Bound to Fail: Why Cyber Security Risk Cannot Simply Be “Managed” Away

* executive order for improving critical infrastructure cyber security is a recipe for continued failure 
* establishing a framework for risk managementBoth approaches have been attempted for more than a decade without measurable success. A fundamental reason for this failure is the reliance on the concept of risk management, which frames the whole problem in business logic. Business logic ultimately gives the private sector every reason to argue the always hypothetical risk away, rather than solving the factual problem of insanely vulnerable cyber systems that control the nation’s most critical installations.

The authors suggest a policy-based approach that instead sets clear guidelines for asset owners, starting with regulations for new critical infrastructure facilities, and thereby avoids perpetuating the problem in systems and architectures that will be around for decades to come.Finally, they argue that a distinction between critical and non-critical systems is a bad idea that contradicts pervasiveness and sustainability of any effort to arrive at robust and well-protected systems.

Unfortunately, this new order is set up to fail. Bypromoting voluntary action by the private sectorsupported by information sharing on cyberthreats and risk-based standards, the executive orderdoesn’t deliver on a fresh approach.

Quelle: vom 20.03.13

Can risk be effectively managed? The sober realityis that in respect to the cyber security ofcritical infrastructure, there is no empirical evidencethat a risk-based approach, despite itsnear decade of practice, has had any success.

Anm: In der Medizin hielt sich der Aderlass auch über viele Jahrhunderte, obwohl es keinerlei Evidenz für einen Erfolg gab - viele Menschen bezahlten für diesen Irrtum mit ihrem Leben.

Several decades ago, IT security experts realizedthat it had become practically impossible to fullysecure their systems—largely due to growing systemcomplexity. Itwas believed possibleto predict accurately the future, and to allow for acalculation of mitigation cost versus cost of consequence,in which decision makers would ultimatelybe able to derive whether specific risks should bemitigated or simply “accepted” in a spreadsheetexercise.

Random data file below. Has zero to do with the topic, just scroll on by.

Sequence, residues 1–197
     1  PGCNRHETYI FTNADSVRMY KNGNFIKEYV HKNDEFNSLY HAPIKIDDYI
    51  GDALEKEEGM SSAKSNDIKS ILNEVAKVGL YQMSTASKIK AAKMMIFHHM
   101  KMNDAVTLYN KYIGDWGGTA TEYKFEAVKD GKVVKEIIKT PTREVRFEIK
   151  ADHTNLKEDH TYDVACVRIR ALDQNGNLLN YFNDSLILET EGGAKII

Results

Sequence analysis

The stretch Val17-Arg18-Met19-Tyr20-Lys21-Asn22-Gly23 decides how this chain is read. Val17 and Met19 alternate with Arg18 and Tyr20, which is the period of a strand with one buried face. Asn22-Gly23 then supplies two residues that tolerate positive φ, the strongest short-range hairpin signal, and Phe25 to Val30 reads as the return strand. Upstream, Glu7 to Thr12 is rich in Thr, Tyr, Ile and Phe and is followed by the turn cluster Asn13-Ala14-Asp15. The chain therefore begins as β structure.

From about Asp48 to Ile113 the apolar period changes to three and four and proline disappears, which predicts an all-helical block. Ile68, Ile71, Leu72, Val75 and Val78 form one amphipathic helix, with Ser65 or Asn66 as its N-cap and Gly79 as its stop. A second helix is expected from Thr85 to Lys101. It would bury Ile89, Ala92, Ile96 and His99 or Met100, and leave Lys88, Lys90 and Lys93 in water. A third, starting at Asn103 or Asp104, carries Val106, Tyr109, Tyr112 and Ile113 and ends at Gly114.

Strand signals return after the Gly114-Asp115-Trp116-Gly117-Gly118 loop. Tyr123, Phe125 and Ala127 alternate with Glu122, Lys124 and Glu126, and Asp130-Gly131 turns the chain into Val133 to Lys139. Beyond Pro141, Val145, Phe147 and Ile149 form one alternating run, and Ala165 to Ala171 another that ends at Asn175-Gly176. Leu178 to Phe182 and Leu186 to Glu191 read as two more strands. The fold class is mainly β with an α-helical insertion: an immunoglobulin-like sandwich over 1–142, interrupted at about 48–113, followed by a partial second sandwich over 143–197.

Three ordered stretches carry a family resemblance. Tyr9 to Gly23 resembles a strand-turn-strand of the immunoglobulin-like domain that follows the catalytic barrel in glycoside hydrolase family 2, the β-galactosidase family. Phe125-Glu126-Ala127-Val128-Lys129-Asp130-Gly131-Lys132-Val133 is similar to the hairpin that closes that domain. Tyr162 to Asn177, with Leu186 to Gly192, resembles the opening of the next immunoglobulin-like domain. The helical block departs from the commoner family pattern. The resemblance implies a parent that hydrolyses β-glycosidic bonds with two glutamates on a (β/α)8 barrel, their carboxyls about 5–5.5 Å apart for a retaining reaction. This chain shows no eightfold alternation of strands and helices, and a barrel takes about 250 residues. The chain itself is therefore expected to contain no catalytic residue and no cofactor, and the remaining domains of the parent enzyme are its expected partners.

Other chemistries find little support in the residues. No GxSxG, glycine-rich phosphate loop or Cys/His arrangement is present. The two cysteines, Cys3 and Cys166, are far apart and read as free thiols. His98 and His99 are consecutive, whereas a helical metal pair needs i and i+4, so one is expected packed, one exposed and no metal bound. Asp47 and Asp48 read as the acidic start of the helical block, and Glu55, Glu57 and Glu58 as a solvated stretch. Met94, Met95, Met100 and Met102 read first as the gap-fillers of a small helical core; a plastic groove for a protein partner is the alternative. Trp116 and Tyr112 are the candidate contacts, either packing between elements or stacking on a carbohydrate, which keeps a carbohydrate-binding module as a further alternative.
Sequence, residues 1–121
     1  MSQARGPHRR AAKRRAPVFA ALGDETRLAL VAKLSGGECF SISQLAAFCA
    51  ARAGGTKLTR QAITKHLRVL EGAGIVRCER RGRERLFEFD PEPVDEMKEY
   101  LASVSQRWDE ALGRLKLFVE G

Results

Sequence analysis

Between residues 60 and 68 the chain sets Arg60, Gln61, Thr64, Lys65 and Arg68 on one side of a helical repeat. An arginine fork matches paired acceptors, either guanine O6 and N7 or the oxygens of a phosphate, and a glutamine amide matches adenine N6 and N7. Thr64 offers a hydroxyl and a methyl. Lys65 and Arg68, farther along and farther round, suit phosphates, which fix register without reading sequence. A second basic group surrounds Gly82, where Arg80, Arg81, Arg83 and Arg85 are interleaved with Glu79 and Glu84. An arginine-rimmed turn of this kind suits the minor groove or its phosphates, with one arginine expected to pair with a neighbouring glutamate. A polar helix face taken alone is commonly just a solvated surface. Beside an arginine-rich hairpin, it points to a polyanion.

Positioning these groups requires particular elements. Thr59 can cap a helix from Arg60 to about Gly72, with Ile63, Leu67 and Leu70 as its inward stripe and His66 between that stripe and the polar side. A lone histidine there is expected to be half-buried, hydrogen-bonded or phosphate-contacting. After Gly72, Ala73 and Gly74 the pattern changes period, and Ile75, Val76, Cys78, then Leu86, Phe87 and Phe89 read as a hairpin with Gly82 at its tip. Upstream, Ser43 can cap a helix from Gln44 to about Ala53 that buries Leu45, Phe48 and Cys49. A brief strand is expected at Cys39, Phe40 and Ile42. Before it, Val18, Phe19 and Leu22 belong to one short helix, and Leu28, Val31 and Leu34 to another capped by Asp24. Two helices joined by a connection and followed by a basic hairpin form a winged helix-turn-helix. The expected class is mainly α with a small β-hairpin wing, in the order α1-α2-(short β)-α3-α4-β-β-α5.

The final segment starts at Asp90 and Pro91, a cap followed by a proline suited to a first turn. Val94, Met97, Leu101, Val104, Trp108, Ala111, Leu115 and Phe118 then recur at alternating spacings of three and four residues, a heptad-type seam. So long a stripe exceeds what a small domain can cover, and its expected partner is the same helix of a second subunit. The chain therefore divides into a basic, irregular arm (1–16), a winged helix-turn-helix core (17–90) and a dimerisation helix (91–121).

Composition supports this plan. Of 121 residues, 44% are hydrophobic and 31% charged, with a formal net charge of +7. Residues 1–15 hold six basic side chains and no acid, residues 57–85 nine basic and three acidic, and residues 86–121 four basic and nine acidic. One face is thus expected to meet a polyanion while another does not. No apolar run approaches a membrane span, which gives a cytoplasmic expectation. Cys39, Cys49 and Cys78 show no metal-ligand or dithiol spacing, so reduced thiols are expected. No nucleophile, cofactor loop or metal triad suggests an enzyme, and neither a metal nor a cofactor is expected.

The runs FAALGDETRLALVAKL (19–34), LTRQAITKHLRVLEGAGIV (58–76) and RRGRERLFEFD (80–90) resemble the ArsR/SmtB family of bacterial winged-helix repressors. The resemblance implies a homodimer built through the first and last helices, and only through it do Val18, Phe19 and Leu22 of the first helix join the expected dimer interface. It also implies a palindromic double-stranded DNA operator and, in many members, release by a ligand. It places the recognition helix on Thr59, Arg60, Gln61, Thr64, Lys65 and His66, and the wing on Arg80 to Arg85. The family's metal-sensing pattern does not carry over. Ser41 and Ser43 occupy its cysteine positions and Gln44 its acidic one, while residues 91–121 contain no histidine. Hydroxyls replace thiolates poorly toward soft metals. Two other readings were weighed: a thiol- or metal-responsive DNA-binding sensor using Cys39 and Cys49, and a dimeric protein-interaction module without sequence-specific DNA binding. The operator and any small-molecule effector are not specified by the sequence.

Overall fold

The concept of risk is predictive, since itarrives at assumptions about future events andtheir cost. Risk management is an attempt tocontrol the future based on predictions of whatthe future will look like. Therefore, any determinationof risk implicitly assumes a predictivetimeframe. Unfortunately, cyber security expertsrarely specify if their timeframe under considerationis a month, a year, a decade, or the lifetimeof the target of evaluation. Failing to be specificon timeframe alone makes any risk assessmentnon-verifiable—usually without explicitly sayingso.



The three principles, which together form the critical infrastructure cyber protection triad, are:

* one, the primacy of politics over economics (Critical infrastructure protection is a political issue, itdoesn’t necessarily generate profit.);

* two, a focus on practical efforts to fix design vulnerabilities (Fix the design vulnerabilities rather than hypothesize about threats); and

* three, pervasiveness rather than restricting cyber security efforts to “critical” systems. In short, it’s politics, practicality, pervasiveness, or PPP. 


Froma technical perspective, solid protection of cybersystems in critical infrastructure is indeed possible. It just needs us to reframe our understandingof the problem. 


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